Whatever, Zuzu. I think that my comments above offer some legit critique of the larger practice in the context of this personal event, but I understand if it reads to you as whining.

  74. zuzu says:

    I find the idea of babysitting in the hotel room to be hysterically funny. Oh, I’m going to fly somewhere and stay in a hotel that has minimal security at best, and then leave an extremely vulnerable person whom I love deeply with a total stranger? I don’t think so.

    Why does it have to be a total stranger?

  75. EG says:

    Sure, if you reduce the critique and discussion of the effects of no-child policies to “Reasons,” then you can simplify the whole thing really easily. Not accurately, but easily.

  76. EG says:

    Why does it have to be a total stranger?

    Because the odds of me knowing someone trustworthy in a strange city are slim to none?

  77. zuzu says:

    Your relatives are there, which is why you’re going to that city for the wedding.

    Or, you could bring someone you do trust with you.

  78. Donna L says:

    Just out of curiosity, Chava, let’s say that you and your baby did attend the wedding. What would you do during the actual ceremony? As I said above, if it were me I would probably just sit near an exit so I could leave unobtrusively if the baby started to cry. Being in the wedding party would complicate things, of course.

  79. EG says:

    Your relatives are there, which is why you’re going to that city for the wedding.

    Or, you could bring someone you do trust with you.

    I was assuming, it’s true, that the relatives would be at the wedding as well, and so unavailable for babysitting.

    And…I could? So now we’re tacking on an extra 200-300 bucks for somebody else’s flight, not to mention their meals and compensating them for the days away? I don’t know many families who can afford that, and by that, I mean “any.” I can guarantee you that I never will be able to afford it.

  80. Past my expiration date says:

    Why does it have to be a total stranger?

    Because otherwise you have to buy an extra plane ticket and hotel room for the caretaker.

    (And yes, of course there are circumstances where you wouldn’t have to buy an extra plane ticket and hotel room for the caretaker.)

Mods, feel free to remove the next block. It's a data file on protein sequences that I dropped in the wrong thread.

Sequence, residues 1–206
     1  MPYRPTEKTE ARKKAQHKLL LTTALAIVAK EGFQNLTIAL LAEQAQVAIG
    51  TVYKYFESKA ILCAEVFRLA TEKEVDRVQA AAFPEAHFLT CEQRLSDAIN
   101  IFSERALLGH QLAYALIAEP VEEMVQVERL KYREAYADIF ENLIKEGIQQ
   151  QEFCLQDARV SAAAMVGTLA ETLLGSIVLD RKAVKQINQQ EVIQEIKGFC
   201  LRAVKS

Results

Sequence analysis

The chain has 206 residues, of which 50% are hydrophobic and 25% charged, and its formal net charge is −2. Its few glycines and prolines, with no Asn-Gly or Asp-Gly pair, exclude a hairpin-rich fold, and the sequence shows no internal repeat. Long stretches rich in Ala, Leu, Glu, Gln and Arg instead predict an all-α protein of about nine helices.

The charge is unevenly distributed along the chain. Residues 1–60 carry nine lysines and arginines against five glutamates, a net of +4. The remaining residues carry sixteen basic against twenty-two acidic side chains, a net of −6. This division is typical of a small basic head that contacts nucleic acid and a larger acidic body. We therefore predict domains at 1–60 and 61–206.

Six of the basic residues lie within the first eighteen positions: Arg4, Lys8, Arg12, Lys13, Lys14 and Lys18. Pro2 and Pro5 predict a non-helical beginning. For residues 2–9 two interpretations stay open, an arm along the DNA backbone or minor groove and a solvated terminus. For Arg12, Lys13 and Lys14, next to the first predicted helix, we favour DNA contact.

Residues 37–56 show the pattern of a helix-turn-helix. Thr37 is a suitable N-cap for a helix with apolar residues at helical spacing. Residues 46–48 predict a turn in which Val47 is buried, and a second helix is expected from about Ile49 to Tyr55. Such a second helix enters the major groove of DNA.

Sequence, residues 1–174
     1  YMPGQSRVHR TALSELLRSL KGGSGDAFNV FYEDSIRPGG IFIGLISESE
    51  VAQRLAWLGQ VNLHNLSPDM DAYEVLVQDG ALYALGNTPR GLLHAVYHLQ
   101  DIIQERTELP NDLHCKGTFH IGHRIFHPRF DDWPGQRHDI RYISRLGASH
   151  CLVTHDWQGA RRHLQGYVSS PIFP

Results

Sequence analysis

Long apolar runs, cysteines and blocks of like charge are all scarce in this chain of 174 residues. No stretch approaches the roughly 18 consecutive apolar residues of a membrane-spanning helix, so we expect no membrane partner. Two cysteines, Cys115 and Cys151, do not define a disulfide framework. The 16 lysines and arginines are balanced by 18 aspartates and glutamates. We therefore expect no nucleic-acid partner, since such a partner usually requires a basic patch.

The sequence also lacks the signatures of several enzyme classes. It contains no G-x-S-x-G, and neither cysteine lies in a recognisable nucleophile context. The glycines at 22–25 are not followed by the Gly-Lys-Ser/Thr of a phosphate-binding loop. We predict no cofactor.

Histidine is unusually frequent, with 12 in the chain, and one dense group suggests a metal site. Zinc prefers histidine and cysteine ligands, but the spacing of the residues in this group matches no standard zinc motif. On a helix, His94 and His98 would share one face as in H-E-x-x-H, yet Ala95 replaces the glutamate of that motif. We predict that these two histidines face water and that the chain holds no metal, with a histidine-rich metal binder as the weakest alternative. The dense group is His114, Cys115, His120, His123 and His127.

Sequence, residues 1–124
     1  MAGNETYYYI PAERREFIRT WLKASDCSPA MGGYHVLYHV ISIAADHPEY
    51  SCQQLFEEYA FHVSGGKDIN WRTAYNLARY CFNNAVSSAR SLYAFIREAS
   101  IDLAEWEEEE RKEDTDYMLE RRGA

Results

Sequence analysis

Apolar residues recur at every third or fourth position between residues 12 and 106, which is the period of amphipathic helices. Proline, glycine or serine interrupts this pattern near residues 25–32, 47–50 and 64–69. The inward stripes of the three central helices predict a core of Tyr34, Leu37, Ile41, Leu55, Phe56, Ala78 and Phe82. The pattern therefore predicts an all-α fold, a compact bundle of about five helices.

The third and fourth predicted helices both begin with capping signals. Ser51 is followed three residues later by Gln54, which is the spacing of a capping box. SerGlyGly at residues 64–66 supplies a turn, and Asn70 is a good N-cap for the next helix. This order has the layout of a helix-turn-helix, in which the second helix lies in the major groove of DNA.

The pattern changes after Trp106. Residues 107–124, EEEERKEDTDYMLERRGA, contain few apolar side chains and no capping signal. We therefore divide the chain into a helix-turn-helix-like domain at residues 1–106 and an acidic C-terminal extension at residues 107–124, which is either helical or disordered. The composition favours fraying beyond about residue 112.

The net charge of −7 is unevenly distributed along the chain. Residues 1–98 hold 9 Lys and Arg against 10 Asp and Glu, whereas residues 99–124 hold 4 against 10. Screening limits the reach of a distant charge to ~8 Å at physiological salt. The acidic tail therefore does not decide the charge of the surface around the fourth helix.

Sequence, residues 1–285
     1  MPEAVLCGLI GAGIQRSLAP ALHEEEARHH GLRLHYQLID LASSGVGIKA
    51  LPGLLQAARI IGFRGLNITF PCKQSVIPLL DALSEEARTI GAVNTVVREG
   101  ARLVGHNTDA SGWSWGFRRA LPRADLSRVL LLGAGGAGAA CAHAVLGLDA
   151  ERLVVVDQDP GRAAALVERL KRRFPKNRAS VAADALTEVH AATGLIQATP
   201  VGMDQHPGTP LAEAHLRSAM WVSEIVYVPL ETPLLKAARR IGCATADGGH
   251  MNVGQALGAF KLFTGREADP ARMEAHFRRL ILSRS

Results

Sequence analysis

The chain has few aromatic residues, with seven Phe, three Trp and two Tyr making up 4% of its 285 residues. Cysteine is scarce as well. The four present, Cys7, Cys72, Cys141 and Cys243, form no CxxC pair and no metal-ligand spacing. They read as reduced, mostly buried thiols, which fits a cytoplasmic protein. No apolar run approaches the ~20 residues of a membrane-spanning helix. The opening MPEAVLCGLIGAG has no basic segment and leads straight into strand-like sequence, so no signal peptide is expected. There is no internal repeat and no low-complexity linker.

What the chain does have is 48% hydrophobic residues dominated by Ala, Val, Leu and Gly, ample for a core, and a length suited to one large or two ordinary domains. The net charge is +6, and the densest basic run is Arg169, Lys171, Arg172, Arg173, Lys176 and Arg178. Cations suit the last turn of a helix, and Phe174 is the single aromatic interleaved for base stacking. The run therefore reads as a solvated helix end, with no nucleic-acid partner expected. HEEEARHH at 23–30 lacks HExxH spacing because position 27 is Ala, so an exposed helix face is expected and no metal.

But really, why are we getting so far into the weeds? Here is the social norm: big expensive weddings with a no-baby policy. Here is Chava’s criticism: this norm excludes people who have babies who, for a variety of possible reasons, will not do well away from the people — and “people” in this case typically means “mothers”.

    I do not understand how this can be in dispute — except as a way of saying UR DOING IT RONG to the people who have babies who etc. etc.

  81. EG says:

    As a very good and well-trusted babysitting with years and years of experience, I have been asked to do something like that literally once. And I couldn’t go, because I had other commitments.

  82. chava says:

    @ Donna–

    I’d sit near the back, by a door if possible. Honestly I’d probably feed him through the ceremony if he wasn’t asleep, as it generally ensures Silence. Alternately, I’d wait outside with him or have his father do the same. Depends on the setup.

    I don’t think I’d take him out if he cooed a bit, but if he started wailing or being generally disruptive, absolutely.

  83. zuzu says:

    I was assuming, it’s true, that the relatives would be at the wedding as well, and so unavailable for babysitting.

    The relatives may have trusted babysitters available.

    I do not understand how this can be in dispute — except as a way of saying UR DOING IT RONG to the people who have babies who etc. etc.

    No, it’s a way of saying, “You are invited to this event that we’re having.” As I’ve been saying, it’s not up to the people hosting the event to grease the rails for every last person to be able to attend, especially when there are in fact ways for whatever Reasons preventing attendance to be overcome.

  84. Drahill says:

    This is why I find this whole thing odd:

    For the most part, in planning a wedding, guest lists were basically used not for actually figuring out who the actual people coming were and more for catering / venue price purposes. When you know who’s showing up, you know how much they’re going to cost and can do the menu accordingly. So on one hand, a very small baby is not going to increase the costs any, given that they won’t need a seat or be consuming any of the food. So in a way, a baby of that age is, at least for the catering and seating purposes, free by virtue of being an extension of the mother. So the whole “it’s another person who wasn’t invited” argument, to me, isn’t especially pervasive. You won’t have to pay to feed it. You won’t have to pay to seat it.

    I do get the argument that the child may fuss, make noise or otherwise not be amenable to the wedding. I had a ceremony that was deeply religious (and, given that I’m a Quaker, a period of silence). Yes, I do think that a baby, if they did cry, scream or fuss might have killed the ceremony a little. So that part, I get. However, I have a cousin with Tourette’s Syndrome who attended – and yes, made noise. It is the same thing? Hell no. But I don’t find the noise argument especially convincing either.